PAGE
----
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Androgen Deprivation Therapy: PROSTAP 3 DCS

Posted 09 Jul 2018 at 09:01

1. Androgen  Deprivation Therapy - Prostap 3 DCS
I restarted Prostap 3 DCS injections in February 2018 and as usual I updated myself with the manufacturers information on the use and side effects of Prostap 3. This note is based on my understanding of the information in leaflets provided about Prostap 3 and after speaking with Takeda UK Ltd, who produce Prostap 3 DCS, to clarify some of the points in the leaflet to use in this note.

The note covers two important issues relevant to Prostap 3 injections. First, Oncology Teams and presumably GPs’ surgeries should know about the clinical information for Prostap 3  injections but I think it is also worthwhile for men having Prostap 3 to understand the product information. Second, I think it is important that all men having ADT, including Prostap, should be aware of the side effects of ADT and the  preventative strategies to deal with those side effects, as shown in Section 6.  

2.  Information leaflets
There are two information leaflets for Prostap 3 DCS one is for the Users and the other is for Health Professionals The leaflet for the user is at Link 1 below:

Link 1: https://www.medicines.org.uk/emc/product/4651/pil
You can see the “HEALTH PROFESSIONALS’ USER LEAFLET” either by clicking on “SMpc” in green on the front page of  the User leaflet at Link 1 above, or see it at the Link 2


Link 2: https://www.medicines.org.uk/emc/product/4651/smpc
The information leaflet for health professionals obviously contains much more information than the leaflet for the users. “Section 4.8 Undesirable effects” lists adverse reactions and the information  for “Men” is at the beginning of that section.

If you are on Prostap 3 and you have not seen the leaflet for health professionals when you have your next injection ask your doctor or nurse  to let you have the two information leaflets which are in the Prostap 3 pack –  one for the patient and one for the professional.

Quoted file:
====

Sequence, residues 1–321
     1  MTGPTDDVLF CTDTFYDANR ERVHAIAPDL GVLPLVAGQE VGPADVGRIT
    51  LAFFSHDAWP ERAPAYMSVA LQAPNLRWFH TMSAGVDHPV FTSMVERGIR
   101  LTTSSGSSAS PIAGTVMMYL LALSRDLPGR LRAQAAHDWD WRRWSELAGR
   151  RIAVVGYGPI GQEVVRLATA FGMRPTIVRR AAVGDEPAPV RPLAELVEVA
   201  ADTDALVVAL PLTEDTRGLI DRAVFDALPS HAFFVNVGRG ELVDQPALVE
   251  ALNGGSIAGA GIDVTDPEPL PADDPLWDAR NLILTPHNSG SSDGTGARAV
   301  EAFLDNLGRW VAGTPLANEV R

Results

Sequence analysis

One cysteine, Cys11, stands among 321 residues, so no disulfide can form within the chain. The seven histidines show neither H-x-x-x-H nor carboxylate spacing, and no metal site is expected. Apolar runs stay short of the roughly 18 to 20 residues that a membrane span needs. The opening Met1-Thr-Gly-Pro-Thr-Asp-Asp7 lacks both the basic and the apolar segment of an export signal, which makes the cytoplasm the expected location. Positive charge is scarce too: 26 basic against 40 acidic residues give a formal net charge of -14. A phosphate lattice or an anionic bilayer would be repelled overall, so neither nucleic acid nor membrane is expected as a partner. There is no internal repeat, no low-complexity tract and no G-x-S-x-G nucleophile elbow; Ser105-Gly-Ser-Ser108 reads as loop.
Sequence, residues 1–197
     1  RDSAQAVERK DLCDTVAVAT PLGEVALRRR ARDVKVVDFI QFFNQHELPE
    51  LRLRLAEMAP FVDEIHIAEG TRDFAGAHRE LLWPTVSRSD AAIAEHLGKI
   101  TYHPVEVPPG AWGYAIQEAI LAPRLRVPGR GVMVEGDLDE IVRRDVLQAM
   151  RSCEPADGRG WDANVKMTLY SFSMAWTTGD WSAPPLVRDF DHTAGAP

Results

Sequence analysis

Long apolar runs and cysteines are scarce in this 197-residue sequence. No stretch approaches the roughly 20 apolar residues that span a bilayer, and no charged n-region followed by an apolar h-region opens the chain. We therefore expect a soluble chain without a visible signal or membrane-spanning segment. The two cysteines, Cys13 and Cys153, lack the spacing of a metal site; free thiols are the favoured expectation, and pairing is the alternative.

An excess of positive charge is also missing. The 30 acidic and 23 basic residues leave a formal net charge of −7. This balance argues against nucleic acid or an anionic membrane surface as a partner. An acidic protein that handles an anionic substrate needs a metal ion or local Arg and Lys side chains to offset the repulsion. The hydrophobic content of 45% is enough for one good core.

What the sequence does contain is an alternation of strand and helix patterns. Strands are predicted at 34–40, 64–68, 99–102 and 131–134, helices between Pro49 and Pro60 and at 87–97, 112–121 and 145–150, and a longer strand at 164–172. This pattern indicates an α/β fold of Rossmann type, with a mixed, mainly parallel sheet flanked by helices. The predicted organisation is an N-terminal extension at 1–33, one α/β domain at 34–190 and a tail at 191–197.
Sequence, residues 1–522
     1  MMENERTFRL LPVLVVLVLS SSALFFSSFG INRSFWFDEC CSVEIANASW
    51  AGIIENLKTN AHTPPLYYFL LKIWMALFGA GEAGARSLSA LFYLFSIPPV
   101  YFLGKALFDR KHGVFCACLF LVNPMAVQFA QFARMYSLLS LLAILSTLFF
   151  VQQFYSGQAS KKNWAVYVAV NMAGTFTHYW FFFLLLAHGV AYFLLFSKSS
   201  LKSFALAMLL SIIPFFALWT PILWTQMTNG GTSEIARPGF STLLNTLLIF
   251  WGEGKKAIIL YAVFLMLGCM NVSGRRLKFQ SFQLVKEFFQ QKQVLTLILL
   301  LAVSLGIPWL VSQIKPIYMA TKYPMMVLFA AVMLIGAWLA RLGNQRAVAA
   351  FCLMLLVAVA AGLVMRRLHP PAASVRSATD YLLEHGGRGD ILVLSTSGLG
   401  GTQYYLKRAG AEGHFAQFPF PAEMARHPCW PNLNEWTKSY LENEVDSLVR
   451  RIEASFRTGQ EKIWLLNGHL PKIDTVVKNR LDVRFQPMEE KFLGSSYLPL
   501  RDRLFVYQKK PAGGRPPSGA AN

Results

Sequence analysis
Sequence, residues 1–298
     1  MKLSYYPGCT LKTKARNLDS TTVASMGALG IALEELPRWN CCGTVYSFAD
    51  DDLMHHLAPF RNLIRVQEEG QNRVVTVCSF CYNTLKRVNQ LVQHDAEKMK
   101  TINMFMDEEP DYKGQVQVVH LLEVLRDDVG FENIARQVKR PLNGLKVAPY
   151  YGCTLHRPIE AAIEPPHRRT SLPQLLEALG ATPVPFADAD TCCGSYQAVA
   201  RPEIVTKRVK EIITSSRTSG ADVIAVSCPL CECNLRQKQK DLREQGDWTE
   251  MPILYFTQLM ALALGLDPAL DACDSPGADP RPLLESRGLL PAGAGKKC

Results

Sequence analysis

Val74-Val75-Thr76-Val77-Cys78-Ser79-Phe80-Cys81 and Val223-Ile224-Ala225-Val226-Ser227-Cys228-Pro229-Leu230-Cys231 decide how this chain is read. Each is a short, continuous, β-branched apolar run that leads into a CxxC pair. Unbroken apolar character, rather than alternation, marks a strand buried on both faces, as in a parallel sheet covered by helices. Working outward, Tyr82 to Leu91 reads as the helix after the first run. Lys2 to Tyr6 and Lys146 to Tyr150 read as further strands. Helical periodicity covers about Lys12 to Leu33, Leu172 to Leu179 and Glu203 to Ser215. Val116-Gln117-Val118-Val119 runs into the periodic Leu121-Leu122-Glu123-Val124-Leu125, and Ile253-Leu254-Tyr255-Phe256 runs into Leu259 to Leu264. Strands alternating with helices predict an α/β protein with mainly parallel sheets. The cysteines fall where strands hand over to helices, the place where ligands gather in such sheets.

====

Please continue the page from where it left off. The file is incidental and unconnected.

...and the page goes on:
In the leaflet for the User at Link 1 you will see from “Section 2, What you need to know before you use Prostap 3”, first bullet point, that an abscess occurring on the site of the injection on the abdomen is a rare event. I have mentioned abscesses because someone reported recently that two Prostap 3 injections in the abdomen resulted in an abscess the size of  hen’s egg on each occasion but there was no reaction following an injection in the arm. An abscess on the injection site could  reduce the amount of leuprorelin being absorbed into the body. Such a reduction of leuprorelin could result in a man’s PSA level not being reduced as much as may be expected and the PSA level could go up. On the other hand it could be OK.

You will see from Section 3, ”How to take Prostap” that “The injection will normally be given in your arm, thigh or abdomen.” If Prostap 3 is injected into a muscle the increased blood flow in the muscle will disperse the leuprorelin into the blood stream quickly. 

3.  Contact with Takeda UK Limited
I spoke to the Medical Information Team at Takeda UK Ltd  about the occurrence of two large abscesses occurring at the site of the injection from separate injections. They had not heard of anyone having two abscesses each the size of an egg from two Prostap 3 injections and said this could usefully be reported higher within Takeda. Obviously, I did not comment further and things were left at that

4.  Yellow Card Scheme
When talking to Takeda the Yellow Card Scheme was mentioned. This scheme helps health professionals and patients to report suspected adverse reactions which occur since the authorization of a medicine - in this case Prostap 3 for use with prostate cancer. This allows the benefits and risks to be monitored. The scheme is mentioned in the Prostap 3 DCS information for health professionals as shown on page 6 in Link 2.

The section “Reporting of adverse reactions” asks professionals to report suspected adverse reactions via the Yellow Card Scheme. Information about this scheme is in the Link 3 below.

Link 3:  www.mhra.gov.uk/yellowcard

5.  Continuity of Prostap 3 injections